View Jobs
Support Staff Jobs
Search thousands of jobs, from paraprofessionals to counselors and more.
View Jobs

Read Next

States Florida State Board of Education Bans the Use of Critical Race Theory in Schools
Lessons that deal with critical race theory and the “1619 Project” are not welcome in Florida’s public schools following a state board vote.
Jeffrey S. Solochek, Tampa Bay Times
4 min read
Richard Corcoran, the Commissioner of the Florida Department of Education and Board Chair Andy Tuck listen as Dianna Greene, the Superintendent of Duval County Public Schools, addresses the board members during Thursday morning's meeting. The board members of the Florida Department of Education met Thursday, June 10, 2021 at the Florida State College at Jacksonville's Advanced Technology Center in Jacksonville, Fla. to take care of routine business but then held public comments before a vote to remove critical race theory from Florida classrooms.
Richard Corcoran, the commissioner of the Florida Department of Education, and Board Chair Andy Tuck listen as Dianna Greene, the superintendent of Duval County Public Schools, addresses board members before a June 10 vote to remove critical race theory from Florida classrooms.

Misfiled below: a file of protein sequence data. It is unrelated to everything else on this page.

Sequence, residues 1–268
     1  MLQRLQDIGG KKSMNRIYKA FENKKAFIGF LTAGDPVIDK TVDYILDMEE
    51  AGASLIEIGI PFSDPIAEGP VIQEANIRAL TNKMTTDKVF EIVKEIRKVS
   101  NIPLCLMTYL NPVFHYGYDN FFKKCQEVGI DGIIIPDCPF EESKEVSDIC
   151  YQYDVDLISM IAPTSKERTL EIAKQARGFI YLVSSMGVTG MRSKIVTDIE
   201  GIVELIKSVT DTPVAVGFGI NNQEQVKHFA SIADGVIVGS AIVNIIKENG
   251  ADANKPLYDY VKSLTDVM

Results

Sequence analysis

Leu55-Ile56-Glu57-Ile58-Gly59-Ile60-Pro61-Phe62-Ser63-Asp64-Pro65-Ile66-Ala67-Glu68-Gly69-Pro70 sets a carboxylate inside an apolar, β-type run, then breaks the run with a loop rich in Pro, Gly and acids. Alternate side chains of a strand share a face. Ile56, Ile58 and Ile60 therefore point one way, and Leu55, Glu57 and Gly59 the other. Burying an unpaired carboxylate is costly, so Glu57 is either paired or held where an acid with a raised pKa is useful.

Bob Self/The Florida Times-Union via AP
States Let School Officials Seek Gun Limits for Potentially Violent Students, Feds Suggest
A model state "red flag" bill would let school officials ask courts to halt students' access to guns if they are deemed a risk.
4 min read
Students protest after the 2018 school shooting in Parkland, Fla.
Students protest after the 2018 school shooting in Parkland, Fla.
High school students rally at the Capitol in Washington on Feb. 21 in support of those affected at the Parkland High School shooting in Florida. J. Scott Applewhite/AP
States From Our Research Center A User’s Guide to the Grading and Methodology
Here's a quick and easy guide to the grading scale and each of the indicators that go into making up the 50-state grades for school finance.
EdWeek Research Center
4 min read
Illustration of C letter grade
Getty
States From Our Research Center State Grades on School Finance: 2021 Map and Rankings
Examine the grades and scores that states and the nation earned on school finance, along with how they scored on a host of indicators.
EdWeek Research Center
1 min read
Illustration of C letter grade
Getty